By Caroline Smith
Reconciliation has the capacity to transform both the lives of the victim and wrongdoer, and to reveal the mercy and grace of God, visiting theologian Dr Laurie Brink op has told attendees at a recent seminar.
Dr Brink, who is Associate Professor of New Testament Studies at the Catholic Theological Union in Chicago as well as a Dominican Sister, was the keynote speaker at the seminar, which was hosted by Catholic Religious Western Australia (CRWA), as part of a national tour.
The seminar, which was held on Thursday 3 August at the Pastoral Centre in Highgate, attracted around 50 people for a presentation and group discussion on what Christian Reconciliation means, its presence in the bible and how we can learn to use it in our personal lives and to approach issues of global conflict and national reconciliation.
Following an Acknowledgement to Country by Sister Anna Warlow sgs and an introduction by Dr Margaret Scharf op, Dr Brink began by talking about Pope Francis’ reflections on reconciliation and God’s mercy, which began in the early days of his Papacy.
“Cardinal Bergoglio accepted his election to the papacy with these words: ‘I am a sinner, but I trust in the infinite mercy and patience of Our Lord Jesus Christ.’ We should not be surprised then that he declared a Jubilee Year of Mercy in 2016,” she said.
“I recall the Jubilee Year of Mercy because quite frankly, we cannot speak of reconciliation without clinging to mercy.
“I take great encouragement from Pope Francis who said reconciliation is God’s free gift. “As a result of this gift, each person, forgiven and loved, is called in turn to proclaim the Gospel of reconciliation in word and deed, to live and bear witness to a reconciled life.”
She added that approaching reconciliation from a Christian perspective was more than just seeking retribution for wrongdoing – it was a process in which all parties could see the grace of God in their lives.
“As Pope Francis says, mercy is not opposed to justice, but it’s God’s way of reaching out to the sinner, offering him or her a new chance to look at themselves, convert and believe,” Dr Brink said.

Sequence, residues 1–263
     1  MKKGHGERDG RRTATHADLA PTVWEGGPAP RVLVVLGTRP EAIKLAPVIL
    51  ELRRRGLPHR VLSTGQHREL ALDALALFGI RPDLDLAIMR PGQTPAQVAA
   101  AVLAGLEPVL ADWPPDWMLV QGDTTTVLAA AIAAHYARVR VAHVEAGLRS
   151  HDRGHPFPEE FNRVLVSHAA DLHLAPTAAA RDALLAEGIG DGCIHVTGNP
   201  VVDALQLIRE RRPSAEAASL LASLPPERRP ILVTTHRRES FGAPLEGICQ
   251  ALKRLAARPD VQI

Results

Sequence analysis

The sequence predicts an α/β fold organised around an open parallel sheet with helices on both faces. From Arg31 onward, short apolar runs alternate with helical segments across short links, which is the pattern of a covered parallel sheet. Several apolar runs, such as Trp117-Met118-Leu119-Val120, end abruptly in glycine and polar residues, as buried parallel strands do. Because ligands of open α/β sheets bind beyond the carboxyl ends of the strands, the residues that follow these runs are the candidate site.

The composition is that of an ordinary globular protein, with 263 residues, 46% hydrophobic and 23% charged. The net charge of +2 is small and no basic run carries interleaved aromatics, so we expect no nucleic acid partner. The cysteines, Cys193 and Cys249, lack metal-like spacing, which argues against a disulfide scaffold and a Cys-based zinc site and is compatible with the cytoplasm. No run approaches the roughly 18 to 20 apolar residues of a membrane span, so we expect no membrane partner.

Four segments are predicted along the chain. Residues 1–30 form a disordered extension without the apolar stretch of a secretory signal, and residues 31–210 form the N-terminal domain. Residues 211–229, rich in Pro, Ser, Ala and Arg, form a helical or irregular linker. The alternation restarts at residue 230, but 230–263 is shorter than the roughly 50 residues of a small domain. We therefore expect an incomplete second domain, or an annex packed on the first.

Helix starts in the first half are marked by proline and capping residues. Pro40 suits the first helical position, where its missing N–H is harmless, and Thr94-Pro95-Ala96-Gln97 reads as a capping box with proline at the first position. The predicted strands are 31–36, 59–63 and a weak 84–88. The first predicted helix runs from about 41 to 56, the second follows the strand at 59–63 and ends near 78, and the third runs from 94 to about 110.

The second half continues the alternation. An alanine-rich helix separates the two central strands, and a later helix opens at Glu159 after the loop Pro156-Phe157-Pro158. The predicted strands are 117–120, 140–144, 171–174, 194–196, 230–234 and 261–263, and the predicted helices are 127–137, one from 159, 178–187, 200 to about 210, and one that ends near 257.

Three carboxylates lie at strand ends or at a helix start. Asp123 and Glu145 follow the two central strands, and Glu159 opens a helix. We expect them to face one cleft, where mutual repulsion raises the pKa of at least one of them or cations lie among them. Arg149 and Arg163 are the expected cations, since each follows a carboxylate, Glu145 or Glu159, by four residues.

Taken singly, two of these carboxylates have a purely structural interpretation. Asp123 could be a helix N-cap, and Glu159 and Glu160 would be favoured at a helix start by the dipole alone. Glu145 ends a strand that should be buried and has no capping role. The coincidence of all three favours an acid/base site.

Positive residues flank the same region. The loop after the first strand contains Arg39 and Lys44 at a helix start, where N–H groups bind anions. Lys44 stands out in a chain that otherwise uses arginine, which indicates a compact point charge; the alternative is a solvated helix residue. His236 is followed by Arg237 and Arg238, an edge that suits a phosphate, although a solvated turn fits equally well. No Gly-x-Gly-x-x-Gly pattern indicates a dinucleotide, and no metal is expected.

“Reconciliation in the Christian context is rooted in our very faith: it is a response to our having been reconciled with God. It is not a process that we initiate or achieve – we discover it, already active in God through Christ.
“In reconciliation, what is broken and the one who broke it, are made new again. Only in the process of reconciliation can a victim come to forgive and the oppressor be moved to repentance.”
Dr Brink also addressed stories of reconciliation in the Old and New Testaments, beginning with Esau, who was cheated out of his inheritance by his brother Jacob, but ultimately forgave him. Also mentioned was the story of Saint Peter, who denied Jesus three times but was still forgiven and then entrusted with leading the Church.
“Jesus’ death and resurrection could also be useful examples of the transformation that is mirrored in Christian Reconciliation,” she said.
“Symbols of the passion: body, blood and cross are the symbols that re-occur over and over in that story, symbols that can bear the paradox of transformation of suffering and death into a new story of deliverance and life,” Dr Brink said.
“It’s this narrative that Paul proclaims as the message of reconciliation.”